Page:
The Glasgow Call To Prayer
08 September 2020
A while ago, perhaps around this time last year, somewhere on our wander through Indonesia, one of our cruising buddies told us over a beer, how he conclusively proved he was incapable of rubbing his stomach while patting his head. His unwitting experiment involved sitting on the wrong side of the dinghy, engaging gear, then trying to apply a gentle twist to the throttle to elegantly power away from the dock.
If you’ve ever tried this, you won’t be surprised to learn that he and his missus, instead of cruising quietly off back to the boat, instead, went from zero to full speed and right way up to wrong way up faster than you could say “ohhhh shiiiit”.
Having forgotten to use the kill cord, not only were they both now in the water, she, safely under the dinghy, safely, as upstairs, the prop was going like a liquidiser and not somewhere you’d want to put any pink, rubbery flesh unless you fancied a painful Strawberry McFlurry.
Eventually the engine gurgled its last gasp, stopped and the drookit pair were able to look around, make sure no one had seen them and then sort themselves out, never to run the outboard from the wrong side of the dinghy again and never again without a kill cord.
So, when we got back to the dinghy yesterday after yet another COVID sponsored marathon around the backstreets and cafes of Langkawi......we walked a hundred and nine miles last month according to STEPS (the app, not the girl band), this incident and its hard won lesson came back to mind.
In our absence, the afternoon thermal breeze had kicked in and the tour boats on the windward side of the “marina” had blown back in towards the small dinghy dock, effectively closing our exit. On one side we had a wayward kayak and the jaggy bits of the pontoons, on the other, the sharp and pointy ends of two pairs of raised Suzuki 150hp outboards. Gentleman that I am, I switched sides to let Anne tug and pull at the smaller kayak while I moved over to the wrong side to deal with the outboards, planning to push the outboards out the way and gently ease ourselves through the gap.
Now, it’s not that I’m learning challenged as I absolutely remember thinking, “hey Stupid. You’re on the wrong side now. Remember what happened to (fill in your own names). Be very careful.”
A millisecond or two later, after only the slightest twitch of the throttle, there was a sudden whoosh and a roar and we flew through the gap like a cork out a bottle, totally out of control. Feverishly twisting the throttle in both directions seemed only to make the demented demon we were aboard accelerate even harder until common sense kicked in and I just let throttle go.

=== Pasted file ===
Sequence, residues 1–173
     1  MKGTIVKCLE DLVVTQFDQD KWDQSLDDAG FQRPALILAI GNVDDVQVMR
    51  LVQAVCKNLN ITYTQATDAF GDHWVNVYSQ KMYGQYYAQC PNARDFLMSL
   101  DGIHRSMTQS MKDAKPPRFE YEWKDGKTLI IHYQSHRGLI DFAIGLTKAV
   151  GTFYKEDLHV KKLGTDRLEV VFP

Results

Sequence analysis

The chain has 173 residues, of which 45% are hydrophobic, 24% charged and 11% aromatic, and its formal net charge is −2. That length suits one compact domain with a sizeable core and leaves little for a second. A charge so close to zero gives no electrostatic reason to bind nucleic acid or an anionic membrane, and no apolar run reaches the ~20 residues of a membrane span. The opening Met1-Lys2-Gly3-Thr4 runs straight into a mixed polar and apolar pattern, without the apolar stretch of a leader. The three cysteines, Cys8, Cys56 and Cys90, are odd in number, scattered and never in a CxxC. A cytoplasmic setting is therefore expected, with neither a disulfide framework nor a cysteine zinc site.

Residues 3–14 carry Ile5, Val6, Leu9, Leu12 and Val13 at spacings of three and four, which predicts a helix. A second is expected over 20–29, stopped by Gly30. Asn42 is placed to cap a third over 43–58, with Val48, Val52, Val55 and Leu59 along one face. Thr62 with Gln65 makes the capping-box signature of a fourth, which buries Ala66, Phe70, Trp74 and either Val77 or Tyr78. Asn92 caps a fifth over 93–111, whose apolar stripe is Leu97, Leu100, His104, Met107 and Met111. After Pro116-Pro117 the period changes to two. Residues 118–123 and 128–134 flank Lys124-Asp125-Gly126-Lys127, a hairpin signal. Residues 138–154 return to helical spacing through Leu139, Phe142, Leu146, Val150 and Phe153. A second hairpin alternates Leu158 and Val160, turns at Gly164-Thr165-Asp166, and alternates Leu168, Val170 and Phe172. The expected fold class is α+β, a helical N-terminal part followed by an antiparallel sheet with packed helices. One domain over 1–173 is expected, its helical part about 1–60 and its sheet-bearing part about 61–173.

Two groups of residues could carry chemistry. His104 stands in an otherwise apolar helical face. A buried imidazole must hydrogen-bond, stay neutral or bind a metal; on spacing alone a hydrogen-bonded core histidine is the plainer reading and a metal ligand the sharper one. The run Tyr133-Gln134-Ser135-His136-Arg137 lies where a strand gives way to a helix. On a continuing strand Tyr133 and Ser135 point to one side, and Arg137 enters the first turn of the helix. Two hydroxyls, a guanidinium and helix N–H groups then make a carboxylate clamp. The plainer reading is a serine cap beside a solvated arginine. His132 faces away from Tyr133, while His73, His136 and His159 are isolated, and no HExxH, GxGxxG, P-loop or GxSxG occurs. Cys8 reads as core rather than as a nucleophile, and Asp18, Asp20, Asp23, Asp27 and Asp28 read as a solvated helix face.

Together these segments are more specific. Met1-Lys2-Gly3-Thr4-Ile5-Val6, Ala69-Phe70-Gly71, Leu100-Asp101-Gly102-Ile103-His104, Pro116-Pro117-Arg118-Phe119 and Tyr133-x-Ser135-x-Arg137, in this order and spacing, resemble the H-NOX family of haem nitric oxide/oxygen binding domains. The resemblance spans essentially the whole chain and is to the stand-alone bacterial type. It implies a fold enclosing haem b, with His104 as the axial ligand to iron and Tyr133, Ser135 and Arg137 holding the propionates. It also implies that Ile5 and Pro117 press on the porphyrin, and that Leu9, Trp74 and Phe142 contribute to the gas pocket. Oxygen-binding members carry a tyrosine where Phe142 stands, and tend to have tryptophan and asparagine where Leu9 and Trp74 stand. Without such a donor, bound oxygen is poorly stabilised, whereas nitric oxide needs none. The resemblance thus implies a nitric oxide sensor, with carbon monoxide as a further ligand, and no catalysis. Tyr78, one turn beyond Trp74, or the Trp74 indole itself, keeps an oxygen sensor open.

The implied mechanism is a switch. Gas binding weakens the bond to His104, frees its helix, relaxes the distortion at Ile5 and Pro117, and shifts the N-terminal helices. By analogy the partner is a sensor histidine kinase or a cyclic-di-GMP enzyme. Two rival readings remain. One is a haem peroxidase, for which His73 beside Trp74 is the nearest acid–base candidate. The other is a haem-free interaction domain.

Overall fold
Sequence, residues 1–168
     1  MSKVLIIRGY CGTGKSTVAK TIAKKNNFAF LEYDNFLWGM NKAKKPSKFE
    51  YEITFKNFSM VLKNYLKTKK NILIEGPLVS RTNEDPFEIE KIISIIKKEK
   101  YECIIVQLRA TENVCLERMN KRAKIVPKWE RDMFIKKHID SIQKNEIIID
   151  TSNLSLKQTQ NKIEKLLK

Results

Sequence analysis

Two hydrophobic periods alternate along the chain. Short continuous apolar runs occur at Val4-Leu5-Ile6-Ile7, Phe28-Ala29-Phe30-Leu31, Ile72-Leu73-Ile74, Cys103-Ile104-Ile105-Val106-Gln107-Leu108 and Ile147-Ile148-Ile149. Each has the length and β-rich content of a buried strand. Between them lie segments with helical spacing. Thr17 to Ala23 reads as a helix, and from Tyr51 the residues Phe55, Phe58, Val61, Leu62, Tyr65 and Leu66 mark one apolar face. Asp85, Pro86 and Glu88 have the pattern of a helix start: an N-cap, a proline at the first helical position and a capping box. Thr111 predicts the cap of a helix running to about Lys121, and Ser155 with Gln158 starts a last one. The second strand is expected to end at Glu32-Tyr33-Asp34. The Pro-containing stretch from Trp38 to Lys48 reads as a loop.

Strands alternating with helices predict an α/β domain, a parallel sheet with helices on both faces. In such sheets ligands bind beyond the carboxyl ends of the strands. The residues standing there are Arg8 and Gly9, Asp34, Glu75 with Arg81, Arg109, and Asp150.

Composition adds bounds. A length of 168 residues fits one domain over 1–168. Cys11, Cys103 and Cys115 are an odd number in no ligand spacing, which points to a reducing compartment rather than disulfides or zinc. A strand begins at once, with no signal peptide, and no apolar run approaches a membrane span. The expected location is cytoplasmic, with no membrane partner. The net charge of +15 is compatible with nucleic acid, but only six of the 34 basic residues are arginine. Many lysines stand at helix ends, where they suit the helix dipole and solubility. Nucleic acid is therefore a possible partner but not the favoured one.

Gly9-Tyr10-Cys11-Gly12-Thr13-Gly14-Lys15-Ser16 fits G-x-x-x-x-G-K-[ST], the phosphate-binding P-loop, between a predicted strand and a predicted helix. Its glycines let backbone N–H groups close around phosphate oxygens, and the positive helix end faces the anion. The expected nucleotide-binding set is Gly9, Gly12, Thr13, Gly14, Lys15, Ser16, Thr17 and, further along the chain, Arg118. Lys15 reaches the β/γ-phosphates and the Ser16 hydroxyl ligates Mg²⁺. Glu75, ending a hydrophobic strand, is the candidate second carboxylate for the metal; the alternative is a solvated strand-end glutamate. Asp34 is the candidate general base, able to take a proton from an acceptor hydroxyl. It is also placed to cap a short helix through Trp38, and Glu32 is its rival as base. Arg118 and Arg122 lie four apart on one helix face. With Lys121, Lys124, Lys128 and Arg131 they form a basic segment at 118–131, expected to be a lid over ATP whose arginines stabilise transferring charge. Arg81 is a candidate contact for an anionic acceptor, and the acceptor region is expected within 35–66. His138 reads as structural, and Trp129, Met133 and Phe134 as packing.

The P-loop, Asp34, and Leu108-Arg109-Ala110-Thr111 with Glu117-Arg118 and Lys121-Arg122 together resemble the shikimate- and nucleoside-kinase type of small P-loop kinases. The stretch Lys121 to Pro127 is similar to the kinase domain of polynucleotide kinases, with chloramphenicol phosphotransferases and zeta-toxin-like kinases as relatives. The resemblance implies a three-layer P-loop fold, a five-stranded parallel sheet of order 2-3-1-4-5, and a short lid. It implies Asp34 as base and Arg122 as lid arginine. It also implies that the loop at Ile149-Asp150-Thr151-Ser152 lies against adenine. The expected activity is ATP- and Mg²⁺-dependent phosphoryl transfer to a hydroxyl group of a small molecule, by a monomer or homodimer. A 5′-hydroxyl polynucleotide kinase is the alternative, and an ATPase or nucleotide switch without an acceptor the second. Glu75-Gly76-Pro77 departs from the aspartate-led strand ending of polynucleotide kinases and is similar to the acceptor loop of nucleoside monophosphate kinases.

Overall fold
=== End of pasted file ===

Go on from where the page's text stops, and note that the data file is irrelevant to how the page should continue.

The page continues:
Unfortunately, the whoosh and the roar was accompanied by a distinctive ripping sound, which was either Anne breaking wind in fright or, as it turned out and as I suspected, was what tearing Hypalon sounds like. Quite similar to the sound of handfuls of one hundred Ringgit notes being torn up as well I suspect.
As we sat there half afloat like a punctured and discarded party balloon, staring at a giant slash in the tube, I let out what might be known as a “Glasgow Call To Prayer”. It sounds just like the mosques’ call to prayer. Just add expletives.
29 August 2020
“I work in the jungle”
Now that’s not a reply you’ll hear everyday. A response I got while chatting to a local at one of our tea stops during our whiz around Malaysia.
Most of the time, we were on fairly quiet, even deserted back roads cut through the dense Malaysian jungle and oil palm plantations that cover most of the place. Touring by motorcycle is different. All your senses are on high alert, or should be if you don’t want to skid down the road on your bum. Eyes scanning the road ahead, hands and fingers touch sensitive to the brakes and throttle, body feeling and adjusted to the balance, olfactory senses going, “what the heck was that smell”.
It was easy riding but one of the downsides to only getting on a motorcycle once a year, other than trying to keep it upright, is that after an hour, assuming we ever wanted to walk upright again, we had to take a break. Fortunately, Malaysia is crammed full of their equivalent of Starbucks, impromptu knock-up shacks that a modest breeze could fell. Some even boast walls but the majority are al-fresco. What you wouldn’t believe is the range of freshly cooked dishes on offer, even in the middle of nowhere. Chicken with rice. Chicken with rice and veg. Rice with chicken. Veg with rice and chicken. That’s unfair. Some of it’s curried. No, that really is unfair. These stall holders-come restauranteurs create amazing dishes every day using fresh ingredients and all but the simplest of tools. No Aga, no Le Creuset pans, no Jamie Oliver cook books. Just a flaming wok and a few pans and under a tin roof. After eating in dozens of restaurants and hawker stalls across SE Asia, seldom paying more than a pound or two for a full meal, the only time I’ve had “Delhi Belly” is after dining in the swanky, white linen, Ye Olde Smokehouse in Cameron Highlands. Fastest hundred metres I’ve done in a long time.